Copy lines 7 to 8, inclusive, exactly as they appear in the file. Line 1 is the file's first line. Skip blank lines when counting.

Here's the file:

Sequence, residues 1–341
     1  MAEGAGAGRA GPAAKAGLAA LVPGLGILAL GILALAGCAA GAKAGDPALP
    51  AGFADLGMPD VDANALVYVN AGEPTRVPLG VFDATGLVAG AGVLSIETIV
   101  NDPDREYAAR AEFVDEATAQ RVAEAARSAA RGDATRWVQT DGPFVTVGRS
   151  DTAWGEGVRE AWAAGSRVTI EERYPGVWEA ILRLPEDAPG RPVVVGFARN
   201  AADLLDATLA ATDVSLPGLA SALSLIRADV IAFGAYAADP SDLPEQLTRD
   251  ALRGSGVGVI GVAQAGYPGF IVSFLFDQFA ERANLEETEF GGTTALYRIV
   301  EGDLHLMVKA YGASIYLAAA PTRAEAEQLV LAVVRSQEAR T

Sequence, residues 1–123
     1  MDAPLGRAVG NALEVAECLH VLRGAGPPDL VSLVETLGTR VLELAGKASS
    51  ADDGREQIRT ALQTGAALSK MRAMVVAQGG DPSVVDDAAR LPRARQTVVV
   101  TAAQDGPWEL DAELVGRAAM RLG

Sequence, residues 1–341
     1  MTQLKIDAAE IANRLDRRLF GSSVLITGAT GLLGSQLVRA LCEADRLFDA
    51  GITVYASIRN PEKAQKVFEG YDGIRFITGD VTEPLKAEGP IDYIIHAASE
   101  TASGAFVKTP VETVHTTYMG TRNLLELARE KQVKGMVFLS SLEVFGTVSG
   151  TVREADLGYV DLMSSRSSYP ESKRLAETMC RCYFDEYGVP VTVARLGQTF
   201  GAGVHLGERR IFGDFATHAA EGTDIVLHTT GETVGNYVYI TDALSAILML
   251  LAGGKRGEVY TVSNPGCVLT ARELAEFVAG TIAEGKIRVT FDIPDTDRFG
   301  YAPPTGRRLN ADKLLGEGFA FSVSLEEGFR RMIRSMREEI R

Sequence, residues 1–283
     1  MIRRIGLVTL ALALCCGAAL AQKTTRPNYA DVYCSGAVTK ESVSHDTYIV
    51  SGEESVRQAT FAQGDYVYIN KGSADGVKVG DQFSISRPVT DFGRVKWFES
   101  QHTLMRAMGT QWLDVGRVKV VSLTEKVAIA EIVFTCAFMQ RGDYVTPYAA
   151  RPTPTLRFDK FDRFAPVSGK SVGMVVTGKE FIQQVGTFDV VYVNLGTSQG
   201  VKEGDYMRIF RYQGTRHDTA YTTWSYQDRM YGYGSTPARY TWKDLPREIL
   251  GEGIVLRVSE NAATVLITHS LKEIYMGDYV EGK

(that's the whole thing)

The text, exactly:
   251  ALRGSGVGVI GVAQAGYPGF IVSFLFDQFA ERANLEETEF GGTTALYRIV
   301  EGDLHLMVKA YGASIYLAAA PTRAEAEQLV LAVVRSQEAR T